Wednesday, December 13, 2023

Orchestra e Coro dell’Accademia Nazionale di Santa Cecilia - Mahler & Brahms - 12/10/23

Gustav Mahler: Adagio from Symphony No. 10 
Johannes Brahms: Ein deutsches Requiem 
Conductor: Philippe Jordan 
Soprano: Louise Alder 
Baritone: Gerald Finley 

As Rome is steadily moving into holiday season, fancy light designs, countless Christmas trees, and the smell of roasted chestnuts are everywhere, which admittedly creates a nice atmosphere. On the other hand, the equally perky and pesky holiday music relentlessly playing in stores is making my errands even more vexing than usual, and I am not even a big shopper. But a girl’s gotta eat, so I have soldiered on, even if I have had to put up with a particularly upbeat version of Jingle Bells during the five (5) minutes I had to spend at my supermarket last week. 
Mercifully, between Handel’s Messiah and other seasonal fare, the Parco della Musica had programmed a masterpiece that fills my heart with joy anytime of the year: My beloved Johannes Brahms’s stunning deutsches Requiem, featuring no less than my beloved Gerald Finley as one of the soloists, which naturally led me to think that there might be a God after all. Even better, that already fabulous gift was neatly supplemented with the Adagio from Gustav Mahler’s Symphony No. 10. Thank you, thank you very much! 
So on Sunday evening, after a gloriously sunny and crisp weekend, during which quality time in Villa Borghese included an ethereal harp version of Wham!’s Last Christmas by the lake, a laid-back saxophone take on My Way by the gallery, and the grating rackets coming from the seasonal amusement park Christmas World, I was more than ready for indoors live music in the comfy Sala Santa Cecilia of the Auditorium Parco della Musica Ennio Morricone at the even earlier than usual time of 6:00 PM. No complaints here. 
Having grabbed my ticket during the Black Friday half-price sale, the choice of seats was limited, and I ended up in the fourth row of the orchestra section. Although it was by no means an optimal spot, it turned out to be not as bad as it sounds, except for the fact that I found myself surrounded by audience members exuding an insane range of colognes and perfumes that made me regret my usual perch. But then again, I eventually got to watch (and hear!) Gerald Finley superbly ply his art a few feet from me, and all was well in the world again.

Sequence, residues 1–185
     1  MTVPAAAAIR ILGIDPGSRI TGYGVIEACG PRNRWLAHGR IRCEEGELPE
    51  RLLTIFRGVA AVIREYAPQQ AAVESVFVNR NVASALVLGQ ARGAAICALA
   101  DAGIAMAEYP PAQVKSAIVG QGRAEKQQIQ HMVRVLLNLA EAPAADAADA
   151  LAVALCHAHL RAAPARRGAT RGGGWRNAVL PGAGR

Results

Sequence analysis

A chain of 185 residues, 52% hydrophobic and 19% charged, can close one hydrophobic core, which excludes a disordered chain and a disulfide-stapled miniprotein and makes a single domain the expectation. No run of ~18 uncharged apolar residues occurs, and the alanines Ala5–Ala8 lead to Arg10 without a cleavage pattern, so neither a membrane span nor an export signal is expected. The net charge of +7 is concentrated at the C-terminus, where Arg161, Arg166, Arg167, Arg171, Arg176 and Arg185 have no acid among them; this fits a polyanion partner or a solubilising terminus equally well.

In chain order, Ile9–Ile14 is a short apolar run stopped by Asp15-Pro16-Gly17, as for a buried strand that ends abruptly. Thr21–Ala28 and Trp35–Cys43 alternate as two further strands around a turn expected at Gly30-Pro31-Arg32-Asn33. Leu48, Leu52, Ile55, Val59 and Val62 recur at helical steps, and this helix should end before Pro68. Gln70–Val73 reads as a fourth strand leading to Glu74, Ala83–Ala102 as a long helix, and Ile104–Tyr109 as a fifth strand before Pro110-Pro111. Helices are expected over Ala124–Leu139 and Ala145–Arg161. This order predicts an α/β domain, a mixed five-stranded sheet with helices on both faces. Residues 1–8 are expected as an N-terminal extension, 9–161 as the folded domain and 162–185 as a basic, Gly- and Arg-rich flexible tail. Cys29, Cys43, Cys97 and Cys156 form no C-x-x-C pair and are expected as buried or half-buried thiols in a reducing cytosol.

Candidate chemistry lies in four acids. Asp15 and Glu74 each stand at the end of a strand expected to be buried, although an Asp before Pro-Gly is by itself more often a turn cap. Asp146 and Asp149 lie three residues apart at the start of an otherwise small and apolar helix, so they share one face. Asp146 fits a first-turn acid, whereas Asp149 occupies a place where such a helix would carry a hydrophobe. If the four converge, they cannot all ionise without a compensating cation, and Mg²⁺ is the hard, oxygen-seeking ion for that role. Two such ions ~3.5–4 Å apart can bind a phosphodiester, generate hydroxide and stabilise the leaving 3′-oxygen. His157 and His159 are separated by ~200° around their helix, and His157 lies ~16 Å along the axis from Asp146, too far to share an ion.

After seeing the Visconti’s sumptuous Death in Venice, I immediately decided that the Adagietto from Mahler’s Symphony No. 5 would be my favorite Mahler work ever. But then I heard the sublime first movement of his Symphony No. 10, which incidentally is the last composition he completed, and I had to switch my preference. Listening to the Adagio again as it was confidently conducted by Swiss guest maestro Philippe Jordan and magnificently performed by the Orchestra dell’Accademia Nazionale di Santa Cecilia last Sunday, I felt totally comforted in my choice. 
Composed when Mahler was painfully aware that he had been betrayed by his wife and that he was terminally ill (a horrifying double whammy if there ever was one), the roughly 30-minute Adagio intensely expresses the profound sadness and utter despair that he must have felt in those final months. Masterly using chromatic dissonance for inner turmoil and transcendental beauty for his farewell to the world, Mahler came up with a musical statement that still resonates today, and on Sunday evening brought a welcome sense of contemplation to the madness of the holiday season. 

while I thoroughly enjoyed Mahler’s Adagio, my main reason for being in the auditorium was to hear Brahms’ deutsches Requiem, one of my favorite pieces by possibly my favorite composer. Inspired by the German Luther Bible, the death of his mentor and friend Robert Schumann and then of his mother, and his own creative genius, Brahms wrote a Requiem that resolutely, and most unusually, focuses on humanity rather than on any kind of deity. In the end, thanks to the perfectionist composer’s deliberate choice and brilliant craftmanship, the emotionally gripping composition not only impressed his sophisticated peers, but was also understood and appreciated by Germans from all walks of life. 
On Sunday evening, beside the sure musical values of the orchestra and the chorus of the Accademia Nazionale di Santa Cecilia, as well as upcoming English soprano Louise Alder and established Canadian baritone Gerald Finley, the Italian and English translations of the German text were provided on a large screen for a more complete experience, and I found it very useful. That said, the experience would have been extremely satisfying regardless, the chorus in particular being consistently excellent in conveying the quiet sadness of mourning and its fierce resolve when defying death. Seriously, that ferociously dramatic sixth movement has to be one of the most exhilarating choral numbers for performers and listeners alike. In their smaller parts, Findley was as flawless as usual, and Alder was a truly wonderful discovery.